Oolong Tea Production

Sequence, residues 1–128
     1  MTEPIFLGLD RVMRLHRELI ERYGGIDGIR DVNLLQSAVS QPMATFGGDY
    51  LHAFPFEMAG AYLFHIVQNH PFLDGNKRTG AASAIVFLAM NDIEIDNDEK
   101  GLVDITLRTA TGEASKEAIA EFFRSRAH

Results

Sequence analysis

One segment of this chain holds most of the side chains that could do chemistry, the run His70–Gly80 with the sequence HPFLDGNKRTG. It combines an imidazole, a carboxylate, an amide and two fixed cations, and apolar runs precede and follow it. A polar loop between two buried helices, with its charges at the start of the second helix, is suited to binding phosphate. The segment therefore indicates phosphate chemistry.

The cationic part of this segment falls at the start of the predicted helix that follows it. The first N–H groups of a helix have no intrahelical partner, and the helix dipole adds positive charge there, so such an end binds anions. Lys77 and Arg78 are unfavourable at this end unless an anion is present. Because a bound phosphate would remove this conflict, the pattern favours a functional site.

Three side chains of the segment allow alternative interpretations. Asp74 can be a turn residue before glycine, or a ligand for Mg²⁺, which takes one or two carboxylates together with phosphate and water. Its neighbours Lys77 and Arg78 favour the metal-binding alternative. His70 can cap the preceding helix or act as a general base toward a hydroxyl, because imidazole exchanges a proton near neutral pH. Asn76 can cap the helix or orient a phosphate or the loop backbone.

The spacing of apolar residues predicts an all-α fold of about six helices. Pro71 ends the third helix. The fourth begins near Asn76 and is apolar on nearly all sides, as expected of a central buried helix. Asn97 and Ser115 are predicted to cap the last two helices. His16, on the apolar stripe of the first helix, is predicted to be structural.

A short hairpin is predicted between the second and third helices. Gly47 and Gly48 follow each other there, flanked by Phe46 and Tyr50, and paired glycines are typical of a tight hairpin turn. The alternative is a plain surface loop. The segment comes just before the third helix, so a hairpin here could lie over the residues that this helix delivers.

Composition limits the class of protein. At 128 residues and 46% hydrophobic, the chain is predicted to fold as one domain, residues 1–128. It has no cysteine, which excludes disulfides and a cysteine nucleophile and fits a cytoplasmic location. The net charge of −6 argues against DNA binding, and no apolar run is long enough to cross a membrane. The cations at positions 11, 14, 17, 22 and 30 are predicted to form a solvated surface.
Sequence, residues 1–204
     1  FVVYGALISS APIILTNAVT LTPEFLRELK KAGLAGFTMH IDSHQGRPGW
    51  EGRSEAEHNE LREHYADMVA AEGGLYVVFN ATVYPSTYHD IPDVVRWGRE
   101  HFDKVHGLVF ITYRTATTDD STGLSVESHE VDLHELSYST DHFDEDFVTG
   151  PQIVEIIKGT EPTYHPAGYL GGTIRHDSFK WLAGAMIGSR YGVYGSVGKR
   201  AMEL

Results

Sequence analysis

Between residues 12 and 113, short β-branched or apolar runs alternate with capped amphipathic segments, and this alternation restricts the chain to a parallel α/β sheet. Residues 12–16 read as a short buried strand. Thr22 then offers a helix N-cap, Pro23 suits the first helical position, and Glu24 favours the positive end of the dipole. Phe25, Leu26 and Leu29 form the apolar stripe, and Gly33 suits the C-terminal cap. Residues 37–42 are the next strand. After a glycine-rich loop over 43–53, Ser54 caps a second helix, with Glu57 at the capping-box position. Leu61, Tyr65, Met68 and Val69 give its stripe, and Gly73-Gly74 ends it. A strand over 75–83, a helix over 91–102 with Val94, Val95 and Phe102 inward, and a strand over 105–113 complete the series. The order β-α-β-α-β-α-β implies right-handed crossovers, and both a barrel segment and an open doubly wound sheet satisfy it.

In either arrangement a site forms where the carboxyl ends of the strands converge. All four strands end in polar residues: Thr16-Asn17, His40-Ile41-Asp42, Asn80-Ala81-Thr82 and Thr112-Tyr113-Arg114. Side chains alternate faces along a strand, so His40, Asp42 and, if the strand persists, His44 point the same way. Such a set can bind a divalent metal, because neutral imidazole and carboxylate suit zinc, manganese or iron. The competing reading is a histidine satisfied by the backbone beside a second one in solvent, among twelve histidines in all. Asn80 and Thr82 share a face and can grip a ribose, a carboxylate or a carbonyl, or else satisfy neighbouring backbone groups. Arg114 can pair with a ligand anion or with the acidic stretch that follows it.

The best is picked by hand during the spring and winter months in southeast China and Taiwan. Oolong teas are partially oxidized teas and undergo the most difficult and time consuming processing method. Processed to be full-bodied teas, the leaves for oolong tea must not be picked too early but just when they reach their peak, and they must be processed immediately. First the leaves are withered in direct sunlight and then shaken gently in bamboo baskets to lightly bruise the edges of the leaves. Next the leaves are air-dried in the shade until the surface of the leaf turns slightly yellow. The process of shaking and drying the leaves is repeated several times. The oxidation period for oolong teas is less than that for black teas and depends on the type of oolong. This can vary from about 20% for a green oolong to 60% for a classic Formosa oolong. After the desired oxidation level is reached, the leaves are panfired at high temperatures to prevent further oxidation. Due to the higher firing temperatures, oolong teas contain less moisture and have a longer shelf life than green teas.